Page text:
Specifically what comments show a hardness of heart?

Thanks!

Which lies are we supposed to believe, the ones told to us at the start of all of this, the ones told to us a couple of months ago which contradict the first ones, or the ones now which continue to contradict what has been said before?
Do they really believe all their own lies?

Also interesting to note is that this is the first time we have seen confirmation about the changes mandated by B16. For years they denied that there even was a private vow, then they admitted its existence but justified it, now they admit they removed it upon orders from Pope Benedict (who has the power to bind and loose). I would like to know that they have been instructed to no longer treat it as still internally binding.

I find it fascinating that they would still justify having superiors in the role as spiritual director ("based on one of the century-old monastic traditions") in spite of the fact that this practice is forbidden by canon law.

HH, one test I try and go by as a canon lawyer when evaluating the credibility of contradictory evidence is the Stephen King test: "How would a normal person react to this abnormally horrific situation?"

Which is why I never bought into Legion happy talk of "serenity" when this scandal first broke. God is the author of human emotions. He gave them to us for a reason. A normal person would not feel "serene" at discovering one's mentor a fraud.

On the other hand, I can understand completely the wide range of emotions expressed by these two LC priests. I can also understand why someone in their situation would issue a verbose statement that is not as focused as one normally expects from a PR statement.

It may not be polished to a professional standard, it may not be perfect, it may still contain some of the Legion's blind spots, but it is real in the sense that it describes how a normal person thrust into their situation would react.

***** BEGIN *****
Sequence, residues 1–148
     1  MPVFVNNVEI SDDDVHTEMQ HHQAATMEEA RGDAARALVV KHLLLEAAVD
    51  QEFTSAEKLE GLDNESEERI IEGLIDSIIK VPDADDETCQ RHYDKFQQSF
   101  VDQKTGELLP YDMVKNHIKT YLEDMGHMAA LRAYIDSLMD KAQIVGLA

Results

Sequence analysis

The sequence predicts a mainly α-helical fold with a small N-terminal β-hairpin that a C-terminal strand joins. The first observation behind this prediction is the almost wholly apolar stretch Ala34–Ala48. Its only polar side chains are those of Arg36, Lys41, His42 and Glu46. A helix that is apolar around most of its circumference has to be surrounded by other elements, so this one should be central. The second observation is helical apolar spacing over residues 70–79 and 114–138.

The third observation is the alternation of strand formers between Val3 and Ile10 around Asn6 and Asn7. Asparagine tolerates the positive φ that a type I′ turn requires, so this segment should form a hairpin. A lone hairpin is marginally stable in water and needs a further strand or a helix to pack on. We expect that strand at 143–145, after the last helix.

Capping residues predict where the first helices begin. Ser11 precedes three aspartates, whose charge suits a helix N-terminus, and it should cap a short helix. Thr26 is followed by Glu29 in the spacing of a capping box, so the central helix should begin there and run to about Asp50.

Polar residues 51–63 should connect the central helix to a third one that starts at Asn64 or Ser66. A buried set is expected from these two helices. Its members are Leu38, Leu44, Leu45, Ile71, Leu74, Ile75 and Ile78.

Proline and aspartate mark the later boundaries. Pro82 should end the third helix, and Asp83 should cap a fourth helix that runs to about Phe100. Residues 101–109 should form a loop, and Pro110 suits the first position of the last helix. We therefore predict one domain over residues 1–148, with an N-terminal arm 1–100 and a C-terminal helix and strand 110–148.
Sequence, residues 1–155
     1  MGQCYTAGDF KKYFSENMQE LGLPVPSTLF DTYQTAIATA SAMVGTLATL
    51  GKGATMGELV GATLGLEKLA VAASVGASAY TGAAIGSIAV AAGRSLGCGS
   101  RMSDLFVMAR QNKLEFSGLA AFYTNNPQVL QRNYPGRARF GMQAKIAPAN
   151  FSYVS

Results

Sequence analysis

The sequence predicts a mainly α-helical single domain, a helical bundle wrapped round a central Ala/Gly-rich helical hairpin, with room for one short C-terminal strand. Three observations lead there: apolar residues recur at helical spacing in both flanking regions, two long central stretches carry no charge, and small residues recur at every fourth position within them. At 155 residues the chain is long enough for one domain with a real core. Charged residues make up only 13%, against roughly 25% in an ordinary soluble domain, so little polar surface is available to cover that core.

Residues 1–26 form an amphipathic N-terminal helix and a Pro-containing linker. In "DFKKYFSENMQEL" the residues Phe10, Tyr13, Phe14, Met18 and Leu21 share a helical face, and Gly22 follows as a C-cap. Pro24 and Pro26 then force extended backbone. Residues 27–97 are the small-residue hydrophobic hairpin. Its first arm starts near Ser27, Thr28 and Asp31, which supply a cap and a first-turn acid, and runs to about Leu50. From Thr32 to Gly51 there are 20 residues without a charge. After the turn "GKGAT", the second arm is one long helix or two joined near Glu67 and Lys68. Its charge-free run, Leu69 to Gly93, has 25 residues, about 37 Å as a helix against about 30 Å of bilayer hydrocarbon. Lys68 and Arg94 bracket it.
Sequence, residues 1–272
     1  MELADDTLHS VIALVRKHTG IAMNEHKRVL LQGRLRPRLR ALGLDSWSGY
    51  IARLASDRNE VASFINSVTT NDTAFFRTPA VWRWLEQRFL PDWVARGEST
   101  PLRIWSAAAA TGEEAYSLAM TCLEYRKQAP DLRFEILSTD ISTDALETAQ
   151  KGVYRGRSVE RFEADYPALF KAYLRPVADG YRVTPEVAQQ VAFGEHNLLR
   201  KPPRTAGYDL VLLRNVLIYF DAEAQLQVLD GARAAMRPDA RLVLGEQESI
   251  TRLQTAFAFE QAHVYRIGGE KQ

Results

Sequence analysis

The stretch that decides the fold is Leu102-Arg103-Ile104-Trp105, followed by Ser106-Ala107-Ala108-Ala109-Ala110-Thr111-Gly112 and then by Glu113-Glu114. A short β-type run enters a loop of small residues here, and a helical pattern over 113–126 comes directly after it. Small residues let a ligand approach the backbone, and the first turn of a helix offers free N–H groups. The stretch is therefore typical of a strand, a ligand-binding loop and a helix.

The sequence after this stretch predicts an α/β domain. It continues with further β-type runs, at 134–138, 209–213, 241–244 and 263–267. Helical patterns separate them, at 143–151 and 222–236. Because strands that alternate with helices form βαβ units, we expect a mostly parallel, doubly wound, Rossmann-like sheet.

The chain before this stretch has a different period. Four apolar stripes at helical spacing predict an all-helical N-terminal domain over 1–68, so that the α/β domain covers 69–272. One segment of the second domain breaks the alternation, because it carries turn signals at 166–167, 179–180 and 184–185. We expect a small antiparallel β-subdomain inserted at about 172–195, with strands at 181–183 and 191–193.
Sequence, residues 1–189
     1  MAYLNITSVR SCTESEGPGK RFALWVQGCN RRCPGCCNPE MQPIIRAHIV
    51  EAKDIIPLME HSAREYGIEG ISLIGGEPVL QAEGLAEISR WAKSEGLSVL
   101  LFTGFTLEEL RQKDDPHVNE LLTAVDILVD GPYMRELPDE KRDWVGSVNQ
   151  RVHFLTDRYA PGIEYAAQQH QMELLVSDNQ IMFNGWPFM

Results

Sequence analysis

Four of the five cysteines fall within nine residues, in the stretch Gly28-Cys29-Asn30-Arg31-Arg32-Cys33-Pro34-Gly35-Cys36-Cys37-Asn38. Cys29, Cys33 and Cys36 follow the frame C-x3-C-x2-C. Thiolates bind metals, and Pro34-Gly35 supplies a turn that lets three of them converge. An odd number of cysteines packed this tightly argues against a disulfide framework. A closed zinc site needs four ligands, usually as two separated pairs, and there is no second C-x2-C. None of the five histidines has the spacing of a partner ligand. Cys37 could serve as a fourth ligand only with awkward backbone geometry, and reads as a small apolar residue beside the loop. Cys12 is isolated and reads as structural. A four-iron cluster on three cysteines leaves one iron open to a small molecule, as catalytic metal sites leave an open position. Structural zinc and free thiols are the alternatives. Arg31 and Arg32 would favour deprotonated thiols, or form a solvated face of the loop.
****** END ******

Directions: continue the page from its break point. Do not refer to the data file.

In fact, given the Legion's track record of how they have responded in the past to alleged victims, I would be more suspicious if this letter had been polished, perfect and completely devoid of the Legion's past blind spots.

Don, maybe I'm being gentle in my reading, but I saw it not as justification for the practice, but more as explanation as to why nobody within the Legion questioned the practice in the past.

That being said, there is one point where I feel the Legion is open to fair criticism, and I'm about to add it to my preliminary analysis. It concerns the statement that they have tried to contact the victims of Fr. Maciel's duplicity.

We know the Legion has contacted the RC membership, that it was in touch with Maciel's daughter Norma, and that Fr. Anton spoke with at least one victim, but what about those former priests and seminarians who initially brought forward the allegations in public?

Up until now they deny having been contacted by the Legion. So was there an effort to contact them? If so, when, where and how?

If not, does the Legion intend to contact them? And if the answer is yes, when, where and how?

This is a point I think current RC members need to press the Legion on.

Amazing. You can't make this stuff up:

"As we have just mentioned, we wish to be close to anyone who has suffered in any way, *and at the same time ask them to live the Christian virtue of pardon from the depth of their hearts.*"

They really don't have a clue. They have absolutely no business continuing their posture of being the spiritual "Yodas," so to speak, to the rest of us. They have no business passing out spiritual advice to ANYONE regarding how they should respond to any of this. It's like, if my uncle molests my son and my aunt gives me lofty spiritual advice on how she expects me to deal with it. Really?

And it doesn't get more passive aggressive than this:

"The vast majority has opted to continue doing as much good as they can from where they are, knowing that our time here on earth is limited, and trusting that with the guidance of the Church whatever needs to be corrected in time, and whatever is good will be confirmed."

Ah, yes. This is precisely how they keep their poor members on the hook for so very long. The implication is that if you are going to use your precious, finite life well, you will heroically stick with us and have trust.

I'm not going to waste time pointing out what could, in some alternate universe, be considered "good" or "positive" in this letter--because all that is alarmingly bad, all that is manipulative and evil is still right there, staring us all in the face.